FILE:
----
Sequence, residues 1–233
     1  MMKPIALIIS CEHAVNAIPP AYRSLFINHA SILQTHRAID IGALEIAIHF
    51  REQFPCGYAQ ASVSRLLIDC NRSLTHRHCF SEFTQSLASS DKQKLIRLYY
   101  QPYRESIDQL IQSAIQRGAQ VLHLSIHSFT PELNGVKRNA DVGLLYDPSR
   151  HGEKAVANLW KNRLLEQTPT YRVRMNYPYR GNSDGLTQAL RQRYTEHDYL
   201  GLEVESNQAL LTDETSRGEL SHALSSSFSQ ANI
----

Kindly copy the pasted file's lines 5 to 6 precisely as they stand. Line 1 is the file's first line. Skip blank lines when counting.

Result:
   151  HGEKAVANLW KNRLLEQTPT YRVRMNYPYR GNSDGLTQAL RQRYTEHDYL
   201  GLEVESNQAL LTDETSRGEL SHALSSSFSQ ANI